Dulce Quental, Sob o Signo do Amor – Longtime, savvy opportunist allies with hot young commodities Jonas and Pedro Sá to take yet another career turn. Good thing the key word in that first sentence is “savvy”. Nothing here rises to the best of the young crowd making beautiful noises on the Rio scene, but Quental, once again, acquits herself well as she rides trends where contemporaries might be happy coasting. Listen here. Grade: B-

Rachel Reis, Meu Esquema – Debut album from Bahian singer. Reis is a straightforward vocalist. Without falling into anonymity she gets the job done. What pushes this album over the top is the songs/music. Northeasterner that she is, the rhythms are dense. Bahian that she is, they are also light and fluid. Everything may not be a drum, but most of the instruments pretend they are as everything sinuously flows. She’s also pop enough to keep things short and sweet. Only three songs pass the three-minute mark, which means even as everything is upbeat, bright and open, there’s an intensity that charges almost every song. Listen here. Grade: A-

Victória dos Santos, Lata Orí – Singer/percussionist from São Paulo. Has worked with Rodrigo Campos, Ava Rocha, Ana Frango Elétrico and Aláfia. I can find barely anything about her online. But the album says plenty. Modernist Afro-Brazilian excursions with deep polyrhythms over which her voice glides. Wish I knew more, but my ears don’t mind the ignorance at all. Listen here. Grade: B+

Celso Sim, O Herói das Estrelas & a Anja Astronauta – Packing up and disappearing to Portugal after 2017’s excellent O Amor Entrou Como um Raio, Sim went quiet for five years. Here he returns in a Brazilian rock mode with a sound closer to David Byrne (if Byrne had a natural feel for Brazilian musics) than the majestic classicism of the previous album. He’s still nerdy and arty, and this time he adds funky, so he’s all the things that make this peripatetic artist endearing. He just does his thing until he decides to wander somewhere else geographically or artistically. Listen here. Grade: B+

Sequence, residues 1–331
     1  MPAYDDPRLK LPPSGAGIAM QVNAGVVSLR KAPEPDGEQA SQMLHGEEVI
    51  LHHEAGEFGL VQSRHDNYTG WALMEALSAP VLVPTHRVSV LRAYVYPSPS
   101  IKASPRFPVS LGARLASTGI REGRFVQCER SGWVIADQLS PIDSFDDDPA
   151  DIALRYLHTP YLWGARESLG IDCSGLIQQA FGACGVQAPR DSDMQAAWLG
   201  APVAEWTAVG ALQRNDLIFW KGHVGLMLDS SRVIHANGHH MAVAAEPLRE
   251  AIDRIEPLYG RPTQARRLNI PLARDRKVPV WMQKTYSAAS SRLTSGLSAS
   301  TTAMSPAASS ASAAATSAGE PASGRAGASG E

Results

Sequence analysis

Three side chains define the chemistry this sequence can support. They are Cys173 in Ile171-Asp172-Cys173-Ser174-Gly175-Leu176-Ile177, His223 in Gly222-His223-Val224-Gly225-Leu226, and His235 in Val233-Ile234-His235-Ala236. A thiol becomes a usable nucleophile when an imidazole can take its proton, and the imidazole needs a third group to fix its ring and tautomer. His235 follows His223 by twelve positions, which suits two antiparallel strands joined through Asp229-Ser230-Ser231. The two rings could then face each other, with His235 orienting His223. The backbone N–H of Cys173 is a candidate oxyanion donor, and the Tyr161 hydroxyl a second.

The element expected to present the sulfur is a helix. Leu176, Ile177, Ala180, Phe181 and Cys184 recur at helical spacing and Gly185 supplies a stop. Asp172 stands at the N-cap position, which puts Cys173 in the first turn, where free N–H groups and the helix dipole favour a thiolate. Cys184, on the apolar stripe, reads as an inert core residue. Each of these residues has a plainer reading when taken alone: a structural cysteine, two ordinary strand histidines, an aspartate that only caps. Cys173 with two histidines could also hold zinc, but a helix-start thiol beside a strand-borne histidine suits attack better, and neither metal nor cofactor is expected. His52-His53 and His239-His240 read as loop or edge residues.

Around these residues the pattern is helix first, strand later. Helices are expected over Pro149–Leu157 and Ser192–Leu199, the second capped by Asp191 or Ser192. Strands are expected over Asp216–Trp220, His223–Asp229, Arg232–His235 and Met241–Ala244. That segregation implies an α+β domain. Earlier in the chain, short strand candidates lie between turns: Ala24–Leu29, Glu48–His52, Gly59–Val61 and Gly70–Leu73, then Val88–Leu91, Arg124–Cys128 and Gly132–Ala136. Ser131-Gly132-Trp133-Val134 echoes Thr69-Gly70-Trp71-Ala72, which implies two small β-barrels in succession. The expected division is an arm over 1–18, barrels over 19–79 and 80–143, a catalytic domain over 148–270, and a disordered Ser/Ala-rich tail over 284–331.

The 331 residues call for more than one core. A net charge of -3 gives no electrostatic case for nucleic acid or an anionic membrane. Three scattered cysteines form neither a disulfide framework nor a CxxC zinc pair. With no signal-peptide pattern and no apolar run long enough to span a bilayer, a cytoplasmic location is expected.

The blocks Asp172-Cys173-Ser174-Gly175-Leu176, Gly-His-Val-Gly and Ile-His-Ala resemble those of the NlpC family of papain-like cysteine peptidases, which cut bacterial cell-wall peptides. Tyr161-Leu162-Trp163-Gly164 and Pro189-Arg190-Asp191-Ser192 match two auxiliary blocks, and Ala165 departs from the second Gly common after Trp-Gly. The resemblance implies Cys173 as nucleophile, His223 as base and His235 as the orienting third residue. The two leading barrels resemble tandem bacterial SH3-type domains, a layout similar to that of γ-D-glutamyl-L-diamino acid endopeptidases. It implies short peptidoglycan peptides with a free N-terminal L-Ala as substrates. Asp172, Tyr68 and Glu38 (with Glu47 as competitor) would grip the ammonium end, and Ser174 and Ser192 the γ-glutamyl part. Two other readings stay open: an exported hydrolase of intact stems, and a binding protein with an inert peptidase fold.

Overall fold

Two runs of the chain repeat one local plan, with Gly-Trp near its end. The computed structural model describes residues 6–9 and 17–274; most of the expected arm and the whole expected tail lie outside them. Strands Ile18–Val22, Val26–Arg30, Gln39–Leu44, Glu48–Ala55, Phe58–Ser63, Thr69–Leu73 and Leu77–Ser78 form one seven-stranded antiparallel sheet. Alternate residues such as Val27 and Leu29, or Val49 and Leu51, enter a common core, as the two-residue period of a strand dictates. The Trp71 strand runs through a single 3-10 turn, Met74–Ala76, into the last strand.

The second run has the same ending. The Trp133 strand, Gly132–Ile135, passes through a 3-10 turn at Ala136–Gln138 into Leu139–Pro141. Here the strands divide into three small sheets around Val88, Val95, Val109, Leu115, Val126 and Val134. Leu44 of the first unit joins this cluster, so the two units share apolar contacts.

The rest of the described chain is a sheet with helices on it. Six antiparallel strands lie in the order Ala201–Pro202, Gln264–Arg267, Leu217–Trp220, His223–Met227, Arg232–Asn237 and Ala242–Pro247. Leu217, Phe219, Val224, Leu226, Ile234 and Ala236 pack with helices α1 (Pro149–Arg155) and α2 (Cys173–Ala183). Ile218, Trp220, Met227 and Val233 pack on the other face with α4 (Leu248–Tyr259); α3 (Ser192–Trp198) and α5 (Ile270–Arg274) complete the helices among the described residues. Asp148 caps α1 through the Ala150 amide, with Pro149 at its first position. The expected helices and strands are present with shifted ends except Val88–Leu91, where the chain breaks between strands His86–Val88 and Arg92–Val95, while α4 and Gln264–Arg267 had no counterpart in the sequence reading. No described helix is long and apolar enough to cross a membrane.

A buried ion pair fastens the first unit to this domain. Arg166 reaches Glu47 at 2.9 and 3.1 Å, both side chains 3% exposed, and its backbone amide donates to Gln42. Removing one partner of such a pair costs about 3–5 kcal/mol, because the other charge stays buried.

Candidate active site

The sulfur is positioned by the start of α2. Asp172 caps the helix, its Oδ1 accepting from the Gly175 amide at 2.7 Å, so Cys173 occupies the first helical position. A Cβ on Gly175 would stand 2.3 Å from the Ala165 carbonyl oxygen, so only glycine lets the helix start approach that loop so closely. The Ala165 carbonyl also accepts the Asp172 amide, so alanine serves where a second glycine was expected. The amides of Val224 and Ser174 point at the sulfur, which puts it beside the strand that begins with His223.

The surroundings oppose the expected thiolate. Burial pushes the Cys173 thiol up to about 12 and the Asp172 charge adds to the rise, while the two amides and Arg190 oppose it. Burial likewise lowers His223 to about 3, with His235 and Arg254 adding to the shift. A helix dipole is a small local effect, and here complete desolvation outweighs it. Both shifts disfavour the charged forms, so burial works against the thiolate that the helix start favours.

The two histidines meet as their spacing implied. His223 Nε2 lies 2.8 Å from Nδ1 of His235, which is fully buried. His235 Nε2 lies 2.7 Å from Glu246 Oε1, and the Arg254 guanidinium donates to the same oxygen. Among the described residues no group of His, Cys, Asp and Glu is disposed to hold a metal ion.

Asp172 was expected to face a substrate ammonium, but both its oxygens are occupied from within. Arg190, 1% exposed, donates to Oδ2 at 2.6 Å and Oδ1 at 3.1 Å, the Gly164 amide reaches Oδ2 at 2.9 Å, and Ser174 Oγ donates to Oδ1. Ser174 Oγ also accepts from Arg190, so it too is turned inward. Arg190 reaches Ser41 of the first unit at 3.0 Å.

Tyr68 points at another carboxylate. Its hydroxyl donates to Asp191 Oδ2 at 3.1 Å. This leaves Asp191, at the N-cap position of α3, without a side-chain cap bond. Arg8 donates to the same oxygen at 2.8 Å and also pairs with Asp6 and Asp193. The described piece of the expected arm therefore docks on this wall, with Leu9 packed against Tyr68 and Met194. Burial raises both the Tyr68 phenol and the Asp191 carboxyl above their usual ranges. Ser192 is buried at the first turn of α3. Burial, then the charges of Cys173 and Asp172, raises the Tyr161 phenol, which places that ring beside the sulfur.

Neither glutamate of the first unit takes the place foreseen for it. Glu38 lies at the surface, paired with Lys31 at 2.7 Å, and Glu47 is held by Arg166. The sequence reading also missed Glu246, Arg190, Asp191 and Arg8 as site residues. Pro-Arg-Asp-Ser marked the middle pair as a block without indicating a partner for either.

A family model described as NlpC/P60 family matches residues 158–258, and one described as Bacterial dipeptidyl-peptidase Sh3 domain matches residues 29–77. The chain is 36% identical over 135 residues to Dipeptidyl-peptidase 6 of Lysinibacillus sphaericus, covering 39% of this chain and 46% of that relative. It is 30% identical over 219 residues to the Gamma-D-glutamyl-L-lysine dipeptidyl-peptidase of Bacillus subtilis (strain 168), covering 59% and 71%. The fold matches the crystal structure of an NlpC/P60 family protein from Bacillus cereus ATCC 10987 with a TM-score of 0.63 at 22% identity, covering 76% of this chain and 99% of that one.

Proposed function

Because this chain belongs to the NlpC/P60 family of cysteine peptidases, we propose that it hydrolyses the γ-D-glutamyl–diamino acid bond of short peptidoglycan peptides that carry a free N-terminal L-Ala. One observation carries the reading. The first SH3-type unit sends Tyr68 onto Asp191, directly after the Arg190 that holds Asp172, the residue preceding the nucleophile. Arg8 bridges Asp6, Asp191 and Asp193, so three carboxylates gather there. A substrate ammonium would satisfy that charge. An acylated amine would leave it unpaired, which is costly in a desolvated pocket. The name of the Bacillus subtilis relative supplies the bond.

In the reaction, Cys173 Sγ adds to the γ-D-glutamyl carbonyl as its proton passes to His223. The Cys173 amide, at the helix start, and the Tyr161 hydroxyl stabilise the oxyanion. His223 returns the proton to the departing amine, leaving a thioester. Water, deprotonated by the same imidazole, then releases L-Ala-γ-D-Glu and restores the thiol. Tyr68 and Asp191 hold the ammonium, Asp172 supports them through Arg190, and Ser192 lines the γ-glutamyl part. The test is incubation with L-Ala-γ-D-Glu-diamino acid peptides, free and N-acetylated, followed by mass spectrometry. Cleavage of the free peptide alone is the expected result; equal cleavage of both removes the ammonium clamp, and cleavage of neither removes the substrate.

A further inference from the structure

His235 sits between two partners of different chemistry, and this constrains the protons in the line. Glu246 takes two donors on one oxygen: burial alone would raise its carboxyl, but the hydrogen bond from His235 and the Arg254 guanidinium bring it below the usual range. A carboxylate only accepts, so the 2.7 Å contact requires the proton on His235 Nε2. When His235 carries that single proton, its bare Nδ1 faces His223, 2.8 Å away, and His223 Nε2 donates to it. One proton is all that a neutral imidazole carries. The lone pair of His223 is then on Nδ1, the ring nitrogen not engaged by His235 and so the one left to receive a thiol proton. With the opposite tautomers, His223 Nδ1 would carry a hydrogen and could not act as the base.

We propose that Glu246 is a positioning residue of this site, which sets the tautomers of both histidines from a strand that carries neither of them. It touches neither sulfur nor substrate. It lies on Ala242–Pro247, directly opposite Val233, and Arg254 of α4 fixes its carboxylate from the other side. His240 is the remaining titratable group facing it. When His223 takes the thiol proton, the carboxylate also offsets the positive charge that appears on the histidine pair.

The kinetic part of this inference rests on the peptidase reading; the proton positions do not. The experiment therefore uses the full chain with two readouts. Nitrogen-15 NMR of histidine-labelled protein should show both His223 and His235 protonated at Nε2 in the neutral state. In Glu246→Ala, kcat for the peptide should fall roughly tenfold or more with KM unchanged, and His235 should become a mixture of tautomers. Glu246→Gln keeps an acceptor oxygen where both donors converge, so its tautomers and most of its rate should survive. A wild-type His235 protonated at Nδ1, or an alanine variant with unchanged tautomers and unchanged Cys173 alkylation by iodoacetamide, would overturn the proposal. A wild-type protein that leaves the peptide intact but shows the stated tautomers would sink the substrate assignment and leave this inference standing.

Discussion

Celso Sim and João Camarero, Divina Dádiva Dívida – On his second release of the year, Sim teams with guitarist Camarero for a voice/acoustic guitar tribute to Elizabeth Cardoso. Released on national samba day in Brazil, the 16 tracks present quieter, more delicate versions of the showier tunes Cardoso recorded herself. Sim’s precise singing style doesn’t even match Cardoso well. But the tribute album tradition is about connecting present generations of musicians with Brazil’s past, not mimicking them, and Sim and Camarero do that well. Sometimes Camarero’s guitarwork gets too busy or Sim a shade too precious in his singing, but mostly they turn in a lovely, understated samba record. Listen here. Grade: B+

Various Artists, Benito 80: Novo Samba Sempre Novo – Tribute albums are as common in Brazil as remixes are in hip hop, and like remixes it’s often easier to focus on the appeal of the original, but this celebration of Benito di Paulo in his 80th year stands out. Organized by son Rodrigo Vellozo and Romulo Fróes, the album brings together talents across several generations of Brazilian musicians to celebrate and reinterpret Paulo. I confess, I barely know the original stuff, but the re-presentation here charges my ears in a way Paulo—prone to over-emoting and the schlocky arrangements that haunted ’80s MPB—does not. Clearing away those excesses of the era, you are left with good songs. Vellozo and Fróes provide a coherence of vision that brings the disparate talents together. If my ears are right, they’ve also enlisted several of Fróes’ Clube da Encruza collaborators who help keep a consistent instrumental tone across the album as well. A child doing Dad right on his 80th? That’s a pretty great birthday gift. Listen here. Grade: A-